Shelterbelts with Russian Silverberry for the protection of irrigated fields [塔吉克斯坦]
- 编制者： Firdavs Faizulloev
- 编辑者： –
- 审查者： Deborah Niggli
Tajikistan - Central Asian Countries Initiative for Land Management (CACILM/ИСЦАУЗР)
technologies_1458 - 塔吉克斯坦
(+992 44) 600 55 19
National Capacity Building Coordinator, Energy and Environment Programme, UNDP Tajikistan
有助于对技术进行记录/评估的项目名称（如相关）Central Asian Countries Initiative for Land Management (CACILM I)
有助于对技术进行记录/评估的项目名称（如相关）Pilot Program for Climate Resilience, Tajikistan (WB / PPCR)
Shelterbelts are used to protect irrigated land from deposition of sand and to reduce wind speed
This technology consists of shelterbelts made of Russian Silverberry (Elaeagnus angustifolia) to protect irrigated wheat and rice fields from strong winds.
In the Shaartuz area wind erosion poses huge problems to crop cultivation as topsoil is being removed and deposited as sediments on neighbouring fields. Dusty storms not only damage the crops but they also cause damage to the main surface, the fertile layer of soil. Sand also damages the irrigation canals, roads, gardens and streets in urban areas which forces people to leave such areas. Good yields cannot be achieved if fields are not properly protected.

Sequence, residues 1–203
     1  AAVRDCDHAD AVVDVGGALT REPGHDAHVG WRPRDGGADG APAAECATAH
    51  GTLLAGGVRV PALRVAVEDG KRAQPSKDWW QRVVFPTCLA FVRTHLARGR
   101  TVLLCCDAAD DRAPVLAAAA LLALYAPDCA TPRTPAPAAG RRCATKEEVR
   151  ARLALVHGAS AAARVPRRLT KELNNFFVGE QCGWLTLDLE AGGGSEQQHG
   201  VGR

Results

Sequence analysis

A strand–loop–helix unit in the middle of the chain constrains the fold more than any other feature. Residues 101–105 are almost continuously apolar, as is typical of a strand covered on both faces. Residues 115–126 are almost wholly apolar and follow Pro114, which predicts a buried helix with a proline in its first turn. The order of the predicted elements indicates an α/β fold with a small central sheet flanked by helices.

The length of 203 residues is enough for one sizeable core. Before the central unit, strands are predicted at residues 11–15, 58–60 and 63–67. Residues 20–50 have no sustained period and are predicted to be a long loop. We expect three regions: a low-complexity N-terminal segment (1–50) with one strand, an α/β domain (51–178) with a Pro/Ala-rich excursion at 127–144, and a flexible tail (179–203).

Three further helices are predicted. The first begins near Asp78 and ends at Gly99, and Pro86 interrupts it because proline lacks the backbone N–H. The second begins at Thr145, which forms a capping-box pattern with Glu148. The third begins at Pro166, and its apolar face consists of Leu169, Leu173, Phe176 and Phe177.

A solution to this problem is the planting of shelterbelts around fields to slow wind speed and to prevent erosion of the arable soil layer. During Soviet times shelterbelts were planted on collective farms by the state forestry committee under contracts. After the collapse of the USSR and before the formation of Dehkan farms land users were not interested in investing in shelterbelts due to unprotected land use rights and unclear legal procedures. One farmer however tested the planting of a shelterbelt in 1992 when his son came back from his studies at the Agricultural University where he had learnt about the technology. They planted the first shelterbelt using a mixture of different tree species to protect newly irrigated fields. Due to financial constraints they could not invest in any other shelterbelts but in 2010 UNDP provided them with financial support to buy seedlings to increase the shelterbelt area. For this new shelterbelt the native Russian Silverberry (Elaeagnus angustifolia) was considered the most appropriate species as soils were highly saline and only this species proved tolerant.